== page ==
Saturday Apr 21, 2018
The murder of a Pakistani singer Samina Sindhu, 24, in Larkana isn’t just a murder. It is more than that. It is a reflection of our society. The same society that regards Sheema Kirmani’s dhamal at a Sufi shrine, damaged by a suicide bombing, not as a fiery symbol of protest but as a shameful mark of vulgarity.
A Pashto singer Sumbal Khan was shot dead outside her own home, for refusing to attend a private gathering. She dared to say ‘no’ to a man. Baraikhta, another singer, was killed by a suitor after her father refused his marriage proposal. In 2016, a theatre actress, Kismat Baig, was gunned down in Lahore. Later, the killer confessed that he was offended after Baig refused to perform at his stage production in Faisalabad.
This is a society that loves music, but despises singers, is disgusted by dancers and relegates artists to the lowest rung of the social ladder. How dare a lowly singer, and that too a woman, refuse a man?
The killer could have any name, Shahrukh Jatoi or Tariq Jatoi, who murdered Sindhu, and yet the story is the same. The motive is the same. Men, intoxicated with the power of their guns, drunk on the might of their own influence and high on their superiority, can easily take a life.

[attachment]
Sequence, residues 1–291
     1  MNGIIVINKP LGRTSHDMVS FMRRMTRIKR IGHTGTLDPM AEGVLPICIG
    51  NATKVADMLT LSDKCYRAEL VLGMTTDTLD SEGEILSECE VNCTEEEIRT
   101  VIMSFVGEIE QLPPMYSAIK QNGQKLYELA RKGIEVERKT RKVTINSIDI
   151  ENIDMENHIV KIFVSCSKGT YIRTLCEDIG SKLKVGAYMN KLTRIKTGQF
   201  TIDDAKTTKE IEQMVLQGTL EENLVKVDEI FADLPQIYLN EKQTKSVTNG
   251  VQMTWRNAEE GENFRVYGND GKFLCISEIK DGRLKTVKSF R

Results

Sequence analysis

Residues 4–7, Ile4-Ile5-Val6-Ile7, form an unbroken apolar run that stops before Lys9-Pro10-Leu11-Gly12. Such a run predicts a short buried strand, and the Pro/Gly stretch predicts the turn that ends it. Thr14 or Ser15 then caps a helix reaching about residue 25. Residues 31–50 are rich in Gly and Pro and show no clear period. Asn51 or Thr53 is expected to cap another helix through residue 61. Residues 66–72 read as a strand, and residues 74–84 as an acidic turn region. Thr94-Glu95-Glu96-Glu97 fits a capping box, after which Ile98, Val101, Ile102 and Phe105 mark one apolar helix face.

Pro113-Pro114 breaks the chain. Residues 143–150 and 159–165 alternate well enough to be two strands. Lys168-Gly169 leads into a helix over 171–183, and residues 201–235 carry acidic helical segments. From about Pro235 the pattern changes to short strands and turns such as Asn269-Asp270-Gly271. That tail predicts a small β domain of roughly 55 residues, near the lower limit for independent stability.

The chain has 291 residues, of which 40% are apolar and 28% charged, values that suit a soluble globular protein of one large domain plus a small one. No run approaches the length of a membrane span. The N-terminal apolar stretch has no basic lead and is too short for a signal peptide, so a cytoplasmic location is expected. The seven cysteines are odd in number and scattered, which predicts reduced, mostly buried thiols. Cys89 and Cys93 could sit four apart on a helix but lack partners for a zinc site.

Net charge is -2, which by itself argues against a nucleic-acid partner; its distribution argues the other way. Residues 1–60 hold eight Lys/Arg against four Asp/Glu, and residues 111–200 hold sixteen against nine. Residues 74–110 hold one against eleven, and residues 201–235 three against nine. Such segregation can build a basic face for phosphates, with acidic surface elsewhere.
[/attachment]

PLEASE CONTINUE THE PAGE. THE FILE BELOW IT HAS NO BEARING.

Sindhu was pregnant at the time of her killing. That makes it two murders, not one. Had she not been with a child in her womb, would we have shown her the same sympathy? Soon after the shooting, a news channel spoke to a young Sindhi boy about the heinous crime. He said, staring straight at the camera, “So, why did she choose to be a singer in the first place?” It is perhaps not possible to express cruelty, barbarity and hatred, all in one, short sentence. But he did it.
The ones worthiest of praise in this whole sordid tale, are the men who keep on insisting that their religion and culture teaches them to respect women. Yes, it does. But then again, which women are you talking about? The ones who fall within the boundaries that you have proscribed? The ones who dress as per your wishes and who live by your rules?
How brave was Sindhu’s killer that he had to take refuge behind the “it was a stray bullet” excuse?
The use of traditions, culture and norms as the reason for murdering a woman is not new either.
When we hear them sing, we get lost in their melodious voice, in their soulful words. But we refuse to give them the voice to say, ‘No’.
Samina Sindhu was the victim of a feudal lord’s superiority complex. Now she is gone. We will never know what she dreamed for her herself, her family or her unborn child. We will never know her story in her own words. If we want to punish the murderer, then we, as a society, should also be on trial. Is our collective conscience finally ready to appreciate art and artists for what they are? They are not lowly creatures worthy of scorn, but a gift from the heavens deserving of veneration.
- Fatima is a doctor. She tweets @Ramish28
Note: The views expressed by the author do not necessarily reflect the official policy or position of Geo News, The News or the Jang Group